Tailored Brands Inc (TLRD): Eminence Capital Bails On Beleaguered Stock

Just two months after Ricky Sandler of Eminence Capital was nominated to stand for election to Tailored Brands Inc (NYSE:TLRD)‘s board, the hedge fund has completely bailed on its large investment in the clothing company, disclosing in a regulatory filing on Friday that it no longer owns any shares of Tailored Brands, the holding company that owns Men’s Warehouse (which the company was also previously called) and JoS. A. Bank Clothiers.

In a filing on April 6, the hedge fund revealed that Sandler would not stand for election to the company’s board at its 2017 Annual Shareholders Meeting, citing time constraints related to his executive obligations and other investments. Eminence Capital owned 7.25 million Tailored Brand shares at that time, constituting a 14.9% stake in the company. The investment has proven to be a huge disaster for the fund this year, as the stock has crumbled by nearly 50%.

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Ricky Sandler, Eminence Capital

Sandler was instrumental in the merger of Men’s Warehouse and JoS. A. Bank back in 2014, which eventually led to its 2016 reorganization into the holding company Tailored Brands. He was a large shareholder of Men’s Warehouse at the time, as well as holding a minority stake in JoS. A. Bank, and fought proxy contests against both companies to ensure the merger’s eventual completion.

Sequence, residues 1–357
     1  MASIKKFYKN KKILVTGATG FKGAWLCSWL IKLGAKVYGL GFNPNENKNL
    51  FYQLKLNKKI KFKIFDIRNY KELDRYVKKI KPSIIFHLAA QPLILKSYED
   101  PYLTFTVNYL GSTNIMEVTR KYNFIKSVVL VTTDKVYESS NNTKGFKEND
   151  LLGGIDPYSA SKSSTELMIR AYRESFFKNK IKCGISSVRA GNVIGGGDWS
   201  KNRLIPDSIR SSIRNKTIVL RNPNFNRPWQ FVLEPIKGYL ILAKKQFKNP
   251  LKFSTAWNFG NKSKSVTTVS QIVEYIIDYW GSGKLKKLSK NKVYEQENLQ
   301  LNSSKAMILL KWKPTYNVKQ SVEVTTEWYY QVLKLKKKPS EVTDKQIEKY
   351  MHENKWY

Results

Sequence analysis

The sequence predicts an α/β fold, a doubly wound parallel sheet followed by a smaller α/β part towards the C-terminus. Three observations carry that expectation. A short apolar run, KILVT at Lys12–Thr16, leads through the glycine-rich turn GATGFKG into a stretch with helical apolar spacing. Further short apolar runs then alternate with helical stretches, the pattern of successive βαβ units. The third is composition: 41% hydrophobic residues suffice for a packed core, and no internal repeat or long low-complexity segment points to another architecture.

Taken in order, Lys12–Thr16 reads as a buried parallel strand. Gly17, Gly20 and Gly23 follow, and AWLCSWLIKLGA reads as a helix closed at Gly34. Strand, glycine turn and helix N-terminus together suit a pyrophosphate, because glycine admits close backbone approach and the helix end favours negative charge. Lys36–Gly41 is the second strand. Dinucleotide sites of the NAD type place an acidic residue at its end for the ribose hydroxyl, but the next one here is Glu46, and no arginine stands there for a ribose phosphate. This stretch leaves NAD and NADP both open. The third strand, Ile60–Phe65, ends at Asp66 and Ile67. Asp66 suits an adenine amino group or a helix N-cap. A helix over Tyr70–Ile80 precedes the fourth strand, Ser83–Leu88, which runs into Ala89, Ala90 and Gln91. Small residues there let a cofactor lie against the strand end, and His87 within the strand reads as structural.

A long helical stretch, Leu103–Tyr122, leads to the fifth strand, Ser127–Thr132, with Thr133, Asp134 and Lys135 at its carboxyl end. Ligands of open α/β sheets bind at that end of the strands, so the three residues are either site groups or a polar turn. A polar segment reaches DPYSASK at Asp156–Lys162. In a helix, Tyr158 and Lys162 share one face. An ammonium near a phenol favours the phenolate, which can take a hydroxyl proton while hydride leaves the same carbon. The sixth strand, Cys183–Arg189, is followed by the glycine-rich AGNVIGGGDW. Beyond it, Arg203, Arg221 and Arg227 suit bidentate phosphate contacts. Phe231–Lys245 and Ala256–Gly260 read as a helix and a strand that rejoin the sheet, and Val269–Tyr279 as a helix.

Shares of Tailored Brands peaked at $27.18 on December 9 before cracks started appearing in the company’s armor. Tailored Brands unexpectedly reported on December 13 that CFO Jon Kimmins would leave the company after four years to pursue other interests, raising a red flag for investors. Shares sank beneath $20 by the end of January before a mild recovery in February.

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However, a disastrous fourth-quarter earnings report released on March 3 (the first since Kimmins’ departure, and corresponding to the quarter during which he abruptly left the company), sent shares crashing to less than $15. Revenue fell by 3.9% year-over-year during the quarter, while comparable sales declined by 1.2%. Revenue and earnings both widely missed analysts’ expectations as well.

Whether those startling results played a factor in Sandler’s eventual decision to flee the stock is up for debate, but it’s certainly another blow for the company that one of its biggest supporters, and a man instrumental in the formation of the company in its current form, no longer feels compelled to be an investor of it.

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Disclosure: None